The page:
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U.S. industrial production fell in August; SMEs project strong second half

The dichotomy of the manufacturing economy seems to continue, and uncertainty still plagues some small to midsized enterprises (SMEs). Even as the Federal Reserve announced that industrial production fell in August by the largest amount in more than three years (down 1.2% compared to July), a survey from Prime Advantage, a leading buying consortium for midsized manufacturers, projected a "strong second half" of 2012.

Clare Goldsberry

September 17, 2012

2 Min Read
U.S. industrial production fell in August; SMEs project strong second half

The Federal Reserve's August report, released Sept. 10, showed that manufacturing output, the most important component of industrial production, fell 0.7%, led by a 4% drop in output of automotive plants. This was on top of the other dismal reports from the Institute for Supply Management (ISM) which appeared in this publication earlier this month, as well as the mere 96,000 jobs added.

Now for the good news: small to medium-sized enterprises responding to the tenth semi-annual Group Outlook Survey conducted by Prime Advantage, reported "healthy revenue projections, strong hiring, and capital spending plans." The one caveat coming from the survey came from a small portion of respondents that these plans may experience delays due to uncertainty about the results of the federal elections.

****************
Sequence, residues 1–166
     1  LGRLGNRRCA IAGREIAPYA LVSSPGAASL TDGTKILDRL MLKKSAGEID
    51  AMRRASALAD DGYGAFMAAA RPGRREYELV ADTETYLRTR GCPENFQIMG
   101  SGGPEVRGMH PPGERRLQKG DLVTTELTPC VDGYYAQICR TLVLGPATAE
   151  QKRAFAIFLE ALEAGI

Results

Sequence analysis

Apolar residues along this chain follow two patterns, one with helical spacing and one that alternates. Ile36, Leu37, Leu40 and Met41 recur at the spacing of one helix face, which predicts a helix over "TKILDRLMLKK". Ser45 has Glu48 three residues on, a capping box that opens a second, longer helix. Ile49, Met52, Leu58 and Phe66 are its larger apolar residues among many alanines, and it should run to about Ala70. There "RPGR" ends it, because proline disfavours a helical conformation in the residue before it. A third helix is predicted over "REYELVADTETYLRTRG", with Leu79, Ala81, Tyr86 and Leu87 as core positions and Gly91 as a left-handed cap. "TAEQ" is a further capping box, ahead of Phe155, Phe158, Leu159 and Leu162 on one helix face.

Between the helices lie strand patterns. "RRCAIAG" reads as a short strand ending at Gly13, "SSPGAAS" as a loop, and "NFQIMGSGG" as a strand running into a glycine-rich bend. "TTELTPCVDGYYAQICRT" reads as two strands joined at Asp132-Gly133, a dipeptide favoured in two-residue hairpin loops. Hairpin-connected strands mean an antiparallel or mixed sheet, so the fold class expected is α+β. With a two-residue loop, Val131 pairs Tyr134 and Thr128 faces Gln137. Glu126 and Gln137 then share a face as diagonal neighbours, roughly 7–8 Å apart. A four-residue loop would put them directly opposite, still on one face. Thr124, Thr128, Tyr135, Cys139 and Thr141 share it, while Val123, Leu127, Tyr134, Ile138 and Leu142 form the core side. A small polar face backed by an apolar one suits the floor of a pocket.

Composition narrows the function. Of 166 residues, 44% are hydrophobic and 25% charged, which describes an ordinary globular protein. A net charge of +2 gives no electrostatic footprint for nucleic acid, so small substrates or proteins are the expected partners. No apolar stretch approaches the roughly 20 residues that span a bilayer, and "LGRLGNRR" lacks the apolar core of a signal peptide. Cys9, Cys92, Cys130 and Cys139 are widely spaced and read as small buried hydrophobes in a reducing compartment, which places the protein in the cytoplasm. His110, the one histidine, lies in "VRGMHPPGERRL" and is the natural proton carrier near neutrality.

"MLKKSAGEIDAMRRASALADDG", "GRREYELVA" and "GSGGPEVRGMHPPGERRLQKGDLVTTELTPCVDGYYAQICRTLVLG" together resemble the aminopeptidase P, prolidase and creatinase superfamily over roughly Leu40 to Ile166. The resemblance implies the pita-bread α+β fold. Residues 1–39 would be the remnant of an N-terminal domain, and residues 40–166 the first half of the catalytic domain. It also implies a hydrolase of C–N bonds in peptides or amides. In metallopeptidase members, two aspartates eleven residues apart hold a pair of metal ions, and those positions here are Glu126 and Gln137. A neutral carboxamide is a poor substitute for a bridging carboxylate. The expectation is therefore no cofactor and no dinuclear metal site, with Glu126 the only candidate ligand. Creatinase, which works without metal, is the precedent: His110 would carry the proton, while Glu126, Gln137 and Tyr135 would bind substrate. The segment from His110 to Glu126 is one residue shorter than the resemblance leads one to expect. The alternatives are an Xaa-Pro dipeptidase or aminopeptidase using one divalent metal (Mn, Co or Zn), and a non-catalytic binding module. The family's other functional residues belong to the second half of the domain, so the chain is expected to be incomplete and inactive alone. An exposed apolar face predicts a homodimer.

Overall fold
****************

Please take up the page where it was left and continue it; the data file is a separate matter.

Some of the highlights from the Prime Advantage survey are as follows:

  • 48% expect to see their revenues increase from the first half of 2012.

  • Overall increase in customer demand was named the primary reason for the revenue growth accounting for 58% of responses.

  • The cost pressures from raw materials continue to lessen.

  • Midsized manufacturing companies expect to increase new hires at a greater rate in the second half of 2012, as compared to the same period in 2011.

  • Healthcare costs have become the second highest cost pressure concern for manufacturer.

  • Of those who hold an opinion about whether the uncertainty with federal elections will cause a delay to business processes, 29% and 33% are seeing delays in employment and capital spending, respectively. Fifty-five percent of respondents believed the impact on the economy would be felt greatly and 43% predicted an impact on unemployment.

"We are looking at a stronger 2012 year-end for midsize manufacturers than a year ago," said Louise O'Sullivan, founder, president and CEO of Prime Advantage. "Today, while there are clearly mixed sentiments about the economy, more surveyed midsize manufacturers expect increased in revenues, capital investment, and hiring than a year ago—all great indicators of a continued recovery for the manufacturing economy."

In August 2012, Prime Advantage surveyed executives and purchasing professionals that represent durable goods manufacturing firms, with annual revenues ranging between $10 million and $4 billion, of which the majority ranges between $20 million and $500 million. The survey received a 16% response rate from 518 top professionals representing U.S.-based manufacturers in more than 25 different industries.

About the Author(s)

Clare Goldsberry

Until she retired in September 2021, Clare Goldsberry reported on the plastics industry for more than 30 years. In addition to the 10,000+ articles she has written, by her own estimation, she is the author of several books, including The Business of Injection Molding: How to succeed as a custom molder and Purchasing Injection Molds: A buyers guide. Goldsberry is a member of the Plastics Pioneers Association. She reflected on her long career in "Time to Say Good-Bye."

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